Global cyberfraud gang’s ‘co-founder’ arrested in Thailand
A Russian man accused of co-running a global cybercrime network closed in a US-led crackdown this week has been arrested in Bangkok and will face extradition, Thai police said on Friday.
Sergey Medvedev, 31, is accused of co-founding “Infraud Organisation”, an online network that stole and sold credit card and other personal identity data, causing US$530 million in losses, according to US authorities.
On Wednesday the US Department of Justice indicted 36 people on racketeering conspiracy and other charges for their roles in the crime syndicate.
Thirteen defendants were arrested in the US and six other countries – Australia, the UK, France, Italy, Kosovo and Serbia.
Medvedev was not listed as one of the suspects charged this week but was described in the indictment as co-administrator of the network with its Ukraine founder Svyatoslav Bondarenko, who is still at large.
Masked police armed with automatic weapons swooped on his Bangkok condo on February 2, making the arrest before US justice officials indicted other alleged members of the ring.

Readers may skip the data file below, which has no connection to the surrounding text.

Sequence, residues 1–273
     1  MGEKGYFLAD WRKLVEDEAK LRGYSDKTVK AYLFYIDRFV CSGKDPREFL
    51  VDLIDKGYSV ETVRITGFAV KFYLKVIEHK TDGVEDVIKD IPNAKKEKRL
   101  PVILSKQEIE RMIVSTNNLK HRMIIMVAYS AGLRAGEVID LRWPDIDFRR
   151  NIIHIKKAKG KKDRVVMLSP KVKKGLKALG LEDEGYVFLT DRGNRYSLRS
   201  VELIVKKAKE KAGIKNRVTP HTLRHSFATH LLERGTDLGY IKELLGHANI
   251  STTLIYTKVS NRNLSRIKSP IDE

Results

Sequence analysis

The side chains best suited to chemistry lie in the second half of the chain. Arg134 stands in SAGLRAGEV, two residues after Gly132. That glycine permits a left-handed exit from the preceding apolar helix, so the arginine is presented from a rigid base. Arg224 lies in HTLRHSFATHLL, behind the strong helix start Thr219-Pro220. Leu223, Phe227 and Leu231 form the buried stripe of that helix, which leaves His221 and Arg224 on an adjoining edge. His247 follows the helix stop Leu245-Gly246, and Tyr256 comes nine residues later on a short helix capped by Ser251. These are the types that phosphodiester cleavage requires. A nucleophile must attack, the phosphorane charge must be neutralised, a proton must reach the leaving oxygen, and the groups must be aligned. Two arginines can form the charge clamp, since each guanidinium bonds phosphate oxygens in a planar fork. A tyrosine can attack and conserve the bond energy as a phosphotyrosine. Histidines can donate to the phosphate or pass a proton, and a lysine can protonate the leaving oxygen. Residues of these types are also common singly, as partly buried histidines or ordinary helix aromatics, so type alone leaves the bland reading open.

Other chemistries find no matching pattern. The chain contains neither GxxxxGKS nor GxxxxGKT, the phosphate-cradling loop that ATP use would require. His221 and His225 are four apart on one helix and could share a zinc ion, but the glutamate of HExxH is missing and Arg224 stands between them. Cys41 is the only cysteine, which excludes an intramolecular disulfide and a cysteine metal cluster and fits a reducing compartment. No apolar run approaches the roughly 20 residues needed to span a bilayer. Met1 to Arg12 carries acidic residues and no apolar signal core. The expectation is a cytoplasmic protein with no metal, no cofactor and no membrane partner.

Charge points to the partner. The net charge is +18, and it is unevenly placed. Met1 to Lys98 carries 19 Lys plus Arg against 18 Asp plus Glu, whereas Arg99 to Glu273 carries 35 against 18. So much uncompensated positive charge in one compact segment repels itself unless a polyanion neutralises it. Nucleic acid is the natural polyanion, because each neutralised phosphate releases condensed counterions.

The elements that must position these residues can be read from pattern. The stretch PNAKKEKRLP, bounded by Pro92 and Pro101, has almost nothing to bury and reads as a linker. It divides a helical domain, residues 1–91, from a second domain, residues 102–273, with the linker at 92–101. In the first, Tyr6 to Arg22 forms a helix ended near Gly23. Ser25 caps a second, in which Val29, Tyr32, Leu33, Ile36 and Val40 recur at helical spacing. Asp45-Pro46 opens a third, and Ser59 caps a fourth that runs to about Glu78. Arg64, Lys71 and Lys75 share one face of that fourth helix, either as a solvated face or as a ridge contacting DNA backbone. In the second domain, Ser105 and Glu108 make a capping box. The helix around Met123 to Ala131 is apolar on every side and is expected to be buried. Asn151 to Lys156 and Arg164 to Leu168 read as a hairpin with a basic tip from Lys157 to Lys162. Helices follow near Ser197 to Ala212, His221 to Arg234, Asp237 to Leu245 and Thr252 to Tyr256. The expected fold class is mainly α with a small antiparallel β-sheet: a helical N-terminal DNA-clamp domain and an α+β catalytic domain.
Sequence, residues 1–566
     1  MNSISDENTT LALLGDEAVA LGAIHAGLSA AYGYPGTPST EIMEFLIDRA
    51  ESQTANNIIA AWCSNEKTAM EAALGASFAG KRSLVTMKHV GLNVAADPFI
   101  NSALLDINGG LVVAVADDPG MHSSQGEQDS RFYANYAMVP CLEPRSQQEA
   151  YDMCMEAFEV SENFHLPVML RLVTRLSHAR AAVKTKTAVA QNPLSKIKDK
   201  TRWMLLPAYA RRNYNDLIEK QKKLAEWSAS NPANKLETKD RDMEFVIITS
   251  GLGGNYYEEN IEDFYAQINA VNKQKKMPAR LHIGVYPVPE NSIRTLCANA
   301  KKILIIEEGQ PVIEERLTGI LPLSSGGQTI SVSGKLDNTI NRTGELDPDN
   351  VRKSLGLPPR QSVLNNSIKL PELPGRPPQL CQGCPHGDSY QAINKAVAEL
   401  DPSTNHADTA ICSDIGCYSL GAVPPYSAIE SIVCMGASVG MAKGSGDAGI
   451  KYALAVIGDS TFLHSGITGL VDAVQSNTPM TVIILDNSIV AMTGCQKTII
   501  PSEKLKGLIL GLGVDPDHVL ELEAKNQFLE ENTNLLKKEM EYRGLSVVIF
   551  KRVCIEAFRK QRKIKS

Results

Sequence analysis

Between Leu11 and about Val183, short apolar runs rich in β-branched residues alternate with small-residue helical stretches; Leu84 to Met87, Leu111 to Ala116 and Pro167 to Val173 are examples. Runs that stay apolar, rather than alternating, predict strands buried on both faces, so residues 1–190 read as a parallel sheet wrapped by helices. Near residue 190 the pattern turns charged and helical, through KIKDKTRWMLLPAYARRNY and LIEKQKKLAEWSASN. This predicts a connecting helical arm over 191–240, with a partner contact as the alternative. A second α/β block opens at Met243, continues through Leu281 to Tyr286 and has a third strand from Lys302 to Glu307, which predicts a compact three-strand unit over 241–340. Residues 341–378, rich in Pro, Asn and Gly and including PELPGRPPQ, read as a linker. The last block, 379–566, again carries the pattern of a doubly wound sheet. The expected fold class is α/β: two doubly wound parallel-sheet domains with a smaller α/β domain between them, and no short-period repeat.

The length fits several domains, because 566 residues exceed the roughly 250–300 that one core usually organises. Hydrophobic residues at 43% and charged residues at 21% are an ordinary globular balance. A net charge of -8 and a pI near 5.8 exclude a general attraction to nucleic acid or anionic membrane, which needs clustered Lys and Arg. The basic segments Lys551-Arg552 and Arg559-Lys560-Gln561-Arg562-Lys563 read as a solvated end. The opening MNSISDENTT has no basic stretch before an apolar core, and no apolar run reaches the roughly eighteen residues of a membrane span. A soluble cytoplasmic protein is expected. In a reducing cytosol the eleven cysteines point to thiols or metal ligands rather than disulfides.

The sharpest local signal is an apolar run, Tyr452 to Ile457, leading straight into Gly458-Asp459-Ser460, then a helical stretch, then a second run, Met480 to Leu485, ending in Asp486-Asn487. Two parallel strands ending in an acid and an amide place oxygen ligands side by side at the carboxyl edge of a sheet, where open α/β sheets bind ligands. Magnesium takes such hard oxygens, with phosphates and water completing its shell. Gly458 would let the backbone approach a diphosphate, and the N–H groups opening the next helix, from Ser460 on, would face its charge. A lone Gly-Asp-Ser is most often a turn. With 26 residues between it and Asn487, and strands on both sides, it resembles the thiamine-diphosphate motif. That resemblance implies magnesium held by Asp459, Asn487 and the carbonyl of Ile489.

“[Medvedev] is now being detained at Bangkok Remand Prison waiting for US authorities to take him for prosecution in the US,” said Nuthapon Rattanamongkolsak, a Thai officer from the Crime Suppression Division.
The US embassy in Bangkok declined to comment.
The Russian national has frequently travelled in and out of Thailand over the past six years on tourist visas, the officer said.
“He has no real job here and spent his life as any other tourist,” Nuthapon said, adding that he expected authorities to extradite Medvedev before the end of the month.
Infraud was founded in Ukraine in 2010 and touted itself with the slogan “In Fraud We Trust”.
It became the “premier destination” on the internet for buying goods with counterfeit or stolen credit card information, according to US authorities.
The organisation, which had 10,901 approved “members” by 2017, also provided an “escrow” service for transactions in cryptocurrencies including bitcoin, the indictment said.
Medvedev is not the first alleged cybercriminal to have used Thailand as a base.
Last year Thai police arrested a 26-year-old Canadian who was wanted by the US for running AlphaBay, at the time the world’s largest dark web marketplace for drugs and other contraband.
The suspect, Alexandre Cazes, died in Thai police custody before he could be extradited.
Officers said the computer programmer hanged himself with a towel in his cell in Bangkok.